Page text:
Over the weekend, it became clear that Carol Bartz really wanted the Yahoo! CEO job, and that the board was willing to give it to her. Today, the appointment became official.
Carol Bartz is the no-bullshit, down-to-earth, highly successful former CEO of Autodesk. Her story in Silicon Valley is a lesson in career management: boards of Intel, Cisco, Cadence, etc. I’ve met her, and found her to be simple, direct, unencumbered by ego or need for adulation. We invited her to a fireside chat once at the MIT Club of Northern California’s Leadership Development program. She candidly shared many intimate details of her journey, including her battle with breast cancer soon after being named to the Autodesk CEO job. In a nutshell, I respect her greatly.
Carol is unlike Carly Fiorina of HP, who was constantly after gratuitous PR, lacked substance and eventually departed as a failure. She is also unlike Meg Whitman of eBay who was at the right place at the right time, and did not have to do a lot of heavy-lifting.
Carol has done excellent heavy-lifting with the turnaround of Autodesk in the past.
And very importantly, she has also mentored a great successor at Autodesk in Carl Bass, who ably shepherds the company today.
Finally, Yahoo! is a political nightmare. Someone needs to untangle this mess and create an organization structure that is remotely functional. I know at least one very credible candidate who was asked to be on the shortlist of Yahoo!’s CEO prospects who declined for this reason alone: It is impossible to get anything done there. Carol may be able to do this.
All these points lead us to take a careful look at Carol’s selection in the positive light.
So what is the negative?
For me, what remains intriguing is why someone of Carol’s stature would want to do this job now! When she left Autodesk, Carol indicated that she was done with CEO jobs. Now, she wants to take on a job that is going to become more than a full-time affair.
Yahoo! went through the latter half of Terry Semel’s tenure with a half-engaged CEO. I don’t think the company can afford another of those. I sure hope Carol is not planning that kind of a stint, and from what I know of her, I don’t think that’s her work ethic. But the question does nag at me, and I will put it out here.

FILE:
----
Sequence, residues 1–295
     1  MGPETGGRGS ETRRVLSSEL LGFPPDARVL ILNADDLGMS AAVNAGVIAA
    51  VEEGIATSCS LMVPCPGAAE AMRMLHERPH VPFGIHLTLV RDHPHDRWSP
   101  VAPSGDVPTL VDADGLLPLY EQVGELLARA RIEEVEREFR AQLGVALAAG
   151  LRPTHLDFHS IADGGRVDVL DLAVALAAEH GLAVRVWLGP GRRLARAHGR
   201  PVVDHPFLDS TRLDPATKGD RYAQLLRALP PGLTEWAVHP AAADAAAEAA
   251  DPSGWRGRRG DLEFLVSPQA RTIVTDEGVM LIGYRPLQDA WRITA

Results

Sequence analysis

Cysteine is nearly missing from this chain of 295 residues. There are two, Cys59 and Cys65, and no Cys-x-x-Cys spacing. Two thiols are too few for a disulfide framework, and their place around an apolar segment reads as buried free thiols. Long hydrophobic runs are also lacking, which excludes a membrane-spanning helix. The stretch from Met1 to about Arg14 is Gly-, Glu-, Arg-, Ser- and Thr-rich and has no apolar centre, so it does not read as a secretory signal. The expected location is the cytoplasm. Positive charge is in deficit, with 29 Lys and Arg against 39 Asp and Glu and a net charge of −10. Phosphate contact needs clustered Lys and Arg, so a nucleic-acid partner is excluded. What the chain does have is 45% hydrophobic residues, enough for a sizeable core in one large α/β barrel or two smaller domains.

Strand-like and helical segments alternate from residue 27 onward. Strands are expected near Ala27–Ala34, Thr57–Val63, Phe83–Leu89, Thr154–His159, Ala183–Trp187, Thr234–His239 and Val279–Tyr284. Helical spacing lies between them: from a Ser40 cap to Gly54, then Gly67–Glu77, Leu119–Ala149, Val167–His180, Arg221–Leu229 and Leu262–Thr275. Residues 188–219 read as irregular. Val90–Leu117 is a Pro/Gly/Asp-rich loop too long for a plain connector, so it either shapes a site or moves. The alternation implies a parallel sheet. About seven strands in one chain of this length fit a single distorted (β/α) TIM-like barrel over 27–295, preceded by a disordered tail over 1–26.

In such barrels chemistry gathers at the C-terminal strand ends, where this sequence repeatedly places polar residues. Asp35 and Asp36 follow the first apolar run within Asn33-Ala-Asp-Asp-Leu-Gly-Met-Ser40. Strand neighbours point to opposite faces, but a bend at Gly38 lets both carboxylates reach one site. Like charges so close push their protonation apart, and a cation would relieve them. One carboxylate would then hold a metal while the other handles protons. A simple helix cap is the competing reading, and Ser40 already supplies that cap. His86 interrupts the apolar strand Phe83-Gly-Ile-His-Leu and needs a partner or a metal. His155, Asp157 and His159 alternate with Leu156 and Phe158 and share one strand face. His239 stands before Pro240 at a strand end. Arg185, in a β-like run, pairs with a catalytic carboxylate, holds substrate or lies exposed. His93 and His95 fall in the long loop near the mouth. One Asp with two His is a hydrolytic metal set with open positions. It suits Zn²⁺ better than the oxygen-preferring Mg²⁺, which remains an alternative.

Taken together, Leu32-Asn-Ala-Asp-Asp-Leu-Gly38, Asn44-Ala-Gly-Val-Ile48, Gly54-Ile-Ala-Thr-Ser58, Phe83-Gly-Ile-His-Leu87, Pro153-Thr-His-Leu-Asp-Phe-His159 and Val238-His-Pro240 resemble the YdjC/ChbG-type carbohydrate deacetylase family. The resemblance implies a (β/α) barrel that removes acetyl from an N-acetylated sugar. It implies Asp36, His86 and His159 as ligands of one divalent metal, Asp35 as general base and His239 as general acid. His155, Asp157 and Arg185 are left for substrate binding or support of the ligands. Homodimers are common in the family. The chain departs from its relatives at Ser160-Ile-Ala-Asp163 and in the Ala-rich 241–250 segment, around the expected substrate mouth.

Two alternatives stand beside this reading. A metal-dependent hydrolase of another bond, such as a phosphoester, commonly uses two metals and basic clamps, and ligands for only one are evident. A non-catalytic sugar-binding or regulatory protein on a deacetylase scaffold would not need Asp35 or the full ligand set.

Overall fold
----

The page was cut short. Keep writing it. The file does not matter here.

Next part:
The second issue is that of domain knowledge in the Internet business. While this is a major issue for many, it’s probably not a show-stopper. I have switched domains many times, and don’t think it is an issue. One of Carol’s strength’s is that she can listen to a lot of people’s ideas, and synthesize all that into something that can become a strategy. [In fact, I would really like to give her a core dump of my thoughts of Yahoo’s! turnaround strategy.]
The real issue, however, is that of instinct. There will be a lot of divergent ideas offered to her on the right strategy forward for Yahoo!. Does she have the instinct to pick a viable one? I’m not sure. I haven’t had any conversation with her about where her head is about the Internet business.
Finally, let’s say it takes at least a year for Carol to sort through the organizational issues, the board dysfunctions, etc. Can she simultaneously execute on the business deliverables? Or, is her job that of a two-year CEO who would clean up the organization, and build a strong executive team, groom a successor, and then hand over the reigns within a relatively short span?
I don’t know the answers to any of these questions. But I think they’re the right questions to ask.